The effects of anti-finning legislation on global shark mortality

The unhalted expansion of industrialized fishing fleets has exerted huge pressures on the sustainability of marine megafaunas, mostly in case of large chondrichthyan species comprising of sharks, rays, skates and chimaeras. There are about 1041 chondrichthyans living in the world oceans and one-quarter of these species are threatened according to IUCN Red list criteria. This is mainly due to overfishing, as sharks are often killed for their valuable fins (‘shark finning’) when caught as bycatch, as well as targeted for their meat, oil and other products.Shark finning coupled with 18-fold increase in relative fishing pressure, has reduced sharks and rays’ populations (collectively referred as sharks) by 71% since 1970.As a result, shark finning has been banned in many jurisdictions since the 2000s; however, despite the anti-finning legislations within many national jurisdictions and its violation of the UN FAO’s Code of Conduct for Responsible Fisheries, shark finning continues in many areas. Consequently, there exists little motivation to reduce shark catch and bycatch, while a lucrative shark fin market still prevails in some nations due to weak enforcements and high monetary incentives associated with the fin trade.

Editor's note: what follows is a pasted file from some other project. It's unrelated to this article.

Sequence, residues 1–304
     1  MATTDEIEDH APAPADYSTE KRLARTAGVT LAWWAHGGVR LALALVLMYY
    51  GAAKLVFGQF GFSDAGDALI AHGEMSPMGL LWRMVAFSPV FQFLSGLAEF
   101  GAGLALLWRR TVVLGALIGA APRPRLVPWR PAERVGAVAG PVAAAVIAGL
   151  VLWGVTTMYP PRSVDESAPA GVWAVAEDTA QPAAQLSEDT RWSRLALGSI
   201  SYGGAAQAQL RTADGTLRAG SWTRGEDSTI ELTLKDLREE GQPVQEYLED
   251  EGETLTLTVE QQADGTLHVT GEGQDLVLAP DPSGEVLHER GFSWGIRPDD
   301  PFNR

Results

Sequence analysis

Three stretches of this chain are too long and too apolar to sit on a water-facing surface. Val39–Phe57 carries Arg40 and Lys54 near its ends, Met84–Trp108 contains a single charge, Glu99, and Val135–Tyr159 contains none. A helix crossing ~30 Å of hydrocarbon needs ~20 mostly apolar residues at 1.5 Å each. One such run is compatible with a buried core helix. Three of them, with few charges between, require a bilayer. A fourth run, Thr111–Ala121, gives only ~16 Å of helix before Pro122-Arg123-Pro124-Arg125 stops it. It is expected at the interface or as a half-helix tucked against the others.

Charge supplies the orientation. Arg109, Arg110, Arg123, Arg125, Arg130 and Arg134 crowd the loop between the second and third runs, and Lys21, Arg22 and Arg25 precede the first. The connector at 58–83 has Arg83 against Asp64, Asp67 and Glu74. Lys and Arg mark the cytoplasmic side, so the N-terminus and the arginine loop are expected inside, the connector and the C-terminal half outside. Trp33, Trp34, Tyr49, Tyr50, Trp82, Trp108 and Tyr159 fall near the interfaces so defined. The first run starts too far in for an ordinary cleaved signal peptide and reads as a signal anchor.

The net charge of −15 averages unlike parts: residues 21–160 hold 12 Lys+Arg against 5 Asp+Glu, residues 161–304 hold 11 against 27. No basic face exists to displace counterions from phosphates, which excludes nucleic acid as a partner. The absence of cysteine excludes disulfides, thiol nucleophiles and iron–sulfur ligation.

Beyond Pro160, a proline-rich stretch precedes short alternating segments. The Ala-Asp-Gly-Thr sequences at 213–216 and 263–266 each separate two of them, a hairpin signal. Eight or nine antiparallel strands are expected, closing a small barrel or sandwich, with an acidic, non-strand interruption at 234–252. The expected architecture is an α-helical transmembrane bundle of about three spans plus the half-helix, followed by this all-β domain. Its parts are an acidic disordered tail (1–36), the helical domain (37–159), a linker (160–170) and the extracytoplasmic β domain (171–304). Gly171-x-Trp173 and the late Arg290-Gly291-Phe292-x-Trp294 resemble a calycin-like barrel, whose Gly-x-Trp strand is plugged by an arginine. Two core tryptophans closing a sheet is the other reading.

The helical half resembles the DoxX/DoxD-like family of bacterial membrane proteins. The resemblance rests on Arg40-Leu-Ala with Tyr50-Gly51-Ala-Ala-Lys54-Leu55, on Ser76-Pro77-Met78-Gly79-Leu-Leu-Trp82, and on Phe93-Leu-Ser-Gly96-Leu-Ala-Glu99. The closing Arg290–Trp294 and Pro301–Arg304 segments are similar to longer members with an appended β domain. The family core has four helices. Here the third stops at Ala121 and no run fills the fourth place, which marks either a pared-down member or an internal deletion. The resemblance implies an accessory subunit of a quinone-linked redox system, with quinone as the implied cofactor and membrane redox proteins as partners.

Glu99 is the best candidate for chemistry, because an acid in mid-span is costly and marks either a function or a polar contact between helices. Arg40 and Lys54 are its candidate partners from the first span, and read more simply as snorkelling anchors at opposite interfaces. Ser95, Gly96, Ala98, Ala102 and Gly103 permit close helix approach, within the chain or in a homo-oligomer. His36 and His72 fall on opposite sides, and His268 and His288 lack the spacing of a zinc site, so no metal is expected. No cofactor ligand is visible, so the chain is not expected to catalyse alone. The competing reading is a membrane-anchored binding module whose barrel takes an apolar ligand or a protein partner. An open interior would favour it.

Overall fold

My master’s project aims to evaluate how the changes in anti-finning legislation at the Regional Fisheries Management Organizations (RFMO) and country level affected the incidence of finning, and total shark mortality over the last 20 years.

PRINCIPAL INVESTIGATOR

Nidhi Gloria D’Costa

Master’s of Marine Management Student

Marine Affairs Program

Dalhousie University

Email: Nidhi.D’Costa@dal.ca

Phone: +1 902 494 2478 (office)

SUPERVISOR

Dr. Boris Worm (Dalhousie University) Canada

TYPE/STATUS OF PROJECT

Scientific research (In progress)

Contact Information
PRINCIPAL INVESTIGATOR
Nidhi Gloria D’Costa
Master’s of Marine Management Student
Biology Department Dalhousie University
1459 Oxford St. PO BOX 15000
Halifax, NS B3H 4R2
Canada
Supervisor
Boris Worm
Professor
Biology Department Dalhousie University
1355 Oxford St.
PO BOX 15000
Halifax, NS B3H 4R2
Canada